A community for students.
Here's the question you clicked on:
 0 viewing
shaan_iitk
 4 years ago
Help needed... sum of series
= 1 + (3/4) + (7/16) + (15/64) + (31/256) + .. infinity
shaan_iitk
 4 years ago
Help needed... sum of series = 1 + (3/4) + (7/16) + (15/64) + (31/256) + .. infinity

This Question is Closed

shaan_iitk
 4 years ago
Best ResponseYou've already chosen the best response.0okk I got this much that = 1 + (2^2 1)/2^2 + (2^3 1)/(2^4) + (2^4  1)/2^16 + ... = \[2^2 * \sum_{0}^{\infty} (2^n1)/(2^2)^n\] Now what ????

shaan_iitk
 4 years ago
Best ResponseYou've already chosen the best response.0its not a gp.. its a combination .. think someone with little practice can answer this .. I have lost touch and hence have forgot the method to sum these..

shaan_iitk
 4 years ago
Best ResponseYou've already chosen the best response.0also .. my formula is wrong .. I think it would be somewhat like (2^(n+1)  1)/(2^(2(2n2))

dumbcow
 4 years ago
Best ResponseYou've already chosen the best response.0\[\frac{2^{n} 1}{2^{2n}} = \frac{1}{2^{n}}\frac{1}{2^{2n}} =(\frac{1}{2})^{n}  (\frac{1}{4})^{n}\] \[\rightarrow 4*[\sum_{1}^{\infty}(\frac{1}{2})^{n}  \sum_{1}^{\infty}(\frac{1}{4})^{n}]\]

dumbcow
 4 years ago
Best ResponseYou've already chosen the best response.0no i think your formula worked if you start at n=1

shaan_iitk
 4 years ago
Best ResponseYou've already chosen the best response.0@dumbcow .. no I mistyped the formula .. look at the series ... you won't get 7/16 .. or 31/256 ... it is a little more complicated...

shaan_iitk
 4 years ago
Best ResponseYou've already chosen the best response.0got it ... thanks .. yeah my formula is just slightly of.. but thanks anyways.. :)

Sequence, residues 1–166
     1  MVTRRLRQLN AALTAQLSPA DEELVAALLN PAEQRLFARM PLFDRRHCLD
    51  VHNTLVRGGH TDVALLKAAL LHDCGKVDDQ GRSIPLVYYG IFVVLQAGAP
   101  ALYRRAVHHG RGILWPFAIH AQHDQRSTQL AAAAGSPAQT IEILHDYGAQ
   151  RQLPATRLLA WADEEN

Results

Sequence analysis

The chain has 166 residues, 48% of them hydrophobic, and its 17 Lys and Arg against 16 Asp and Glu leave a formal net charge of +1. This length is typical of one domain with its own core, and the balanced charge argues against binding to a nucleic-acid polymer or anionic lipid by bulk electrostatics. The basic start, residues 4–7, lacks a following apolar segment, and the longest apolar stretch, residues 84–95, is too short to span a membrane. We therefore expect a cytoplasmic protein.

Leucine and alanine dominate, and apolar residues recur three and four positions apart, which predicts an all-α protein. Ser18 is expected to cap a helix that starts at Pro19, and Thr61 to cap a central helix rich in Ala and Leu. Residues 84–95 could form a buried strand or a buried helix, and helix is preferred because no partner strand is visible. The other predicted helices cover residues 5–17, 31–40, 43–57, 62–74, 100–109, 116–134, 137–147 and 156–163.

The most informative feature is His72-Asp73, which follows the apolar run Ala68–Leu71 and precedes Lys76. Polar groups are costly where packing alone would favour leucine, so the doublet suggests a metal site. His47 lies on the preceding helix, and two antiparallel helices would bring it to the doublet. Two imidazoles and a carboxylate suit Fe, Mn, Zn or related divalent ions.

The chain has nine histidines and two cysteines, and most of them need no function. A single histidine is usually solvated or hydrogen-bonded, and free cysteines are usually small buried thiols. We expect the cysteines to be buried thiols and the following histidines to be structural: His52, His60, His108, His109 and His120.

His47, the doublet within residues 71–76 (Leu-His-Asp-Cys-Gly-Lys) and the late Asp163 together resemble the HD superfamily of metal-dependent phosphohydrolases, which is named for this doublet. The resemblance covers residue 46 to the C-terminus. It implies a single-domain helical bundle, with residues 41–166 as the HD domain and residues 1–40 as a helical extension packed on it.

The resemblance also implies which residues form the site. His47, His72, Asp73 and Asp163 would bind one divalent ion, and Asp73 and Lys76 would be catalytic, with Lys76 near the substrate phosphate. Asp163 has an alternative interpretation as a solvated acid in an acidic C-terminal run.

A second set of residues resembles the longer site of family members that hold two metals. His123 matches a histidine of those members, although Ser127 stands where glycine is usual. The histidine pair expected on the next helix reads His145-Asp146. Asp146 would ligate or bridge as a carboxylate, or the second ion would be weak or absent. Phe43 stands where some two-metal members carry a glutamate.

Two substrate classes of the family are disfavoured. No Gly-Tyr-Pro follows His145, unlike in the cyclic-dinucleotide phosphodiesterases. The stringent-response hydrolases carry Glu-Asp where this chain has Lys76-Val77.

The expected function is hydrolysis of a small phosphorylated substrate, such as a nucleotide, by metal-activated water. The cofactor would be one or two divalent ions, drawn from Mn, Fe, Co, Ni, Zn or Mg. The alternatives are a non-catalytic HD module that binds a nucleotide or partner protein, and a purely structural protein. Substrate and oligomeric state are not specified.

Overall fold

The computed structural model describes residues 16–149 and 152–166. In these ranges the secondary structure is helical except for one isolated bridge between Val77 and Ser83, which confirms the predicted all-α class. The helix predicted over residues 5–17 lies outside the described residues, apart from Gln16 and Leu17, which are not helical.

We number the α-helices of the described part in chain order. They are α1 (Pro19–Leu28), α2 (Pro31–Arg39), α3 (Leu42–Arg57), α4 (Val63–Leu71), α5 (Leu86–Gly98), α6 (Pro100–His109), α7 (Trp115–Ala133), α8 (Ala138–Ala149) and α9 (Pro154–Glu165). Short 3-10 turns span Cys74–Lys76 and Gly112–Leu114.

FoolForMath
 4 years ago
Best ResponseYou've already chosen the best response.1\(\large \frac 23 \) isn't ?

shaan_iitk
 4 years ago
Best ResponseYou've already chosen the best response.0it cannot be 2/3 because it is (1 + 3/4 + ... ) and all terms are positive

dumbcow
 4 years ago
Best ResponseYou've already chosen the best response.0no thats right for the summation part. multiply by 4 and you get , sum = 8/3

shaan_iitk
 4 years ago
Best ResponseYou've already chosen the best response.0yeah ... it wd be 8/3 ..

shaan_iitk
 4 years ago
Best ResponseYou've already chosen the best response.0thanks both of you.. :)

FoolForMath
 4 years ago
Best ResponseYou've already chosen the best response.1yes it should be 8/3, I summed up dumcow's generalization, but the actualy generalization should be \( \huge \sum\limits_{k=0}^\infty \frac {2^{k+1} 1}{2^{2k}}=\frac 83\)

FoolForMath
 4 years ago
Best ResponseYou've already chosen the best response.1It wasn't dumcow's I didn't read the thread (fully). My apologies.
Ask your own question
Sign UpFind more explanations on OpenStudy
Your question is ready. Sign up for free to start getting answers.
spraguer
(Moderator)
5
→ View Detailed Profile
is replying to Can someone tell me what button the professor is hitting...
23
 Teamwork 19 Teammate
 Problem Solving 19 Hero
 Engagement 19 Mad Hatter
 You have blocked this person.
 ✔ You're a fan Checking fan status...
Thanks for being so helpful in mathematics. If you are getting quality help, make sure you spread the word about OpenStudy.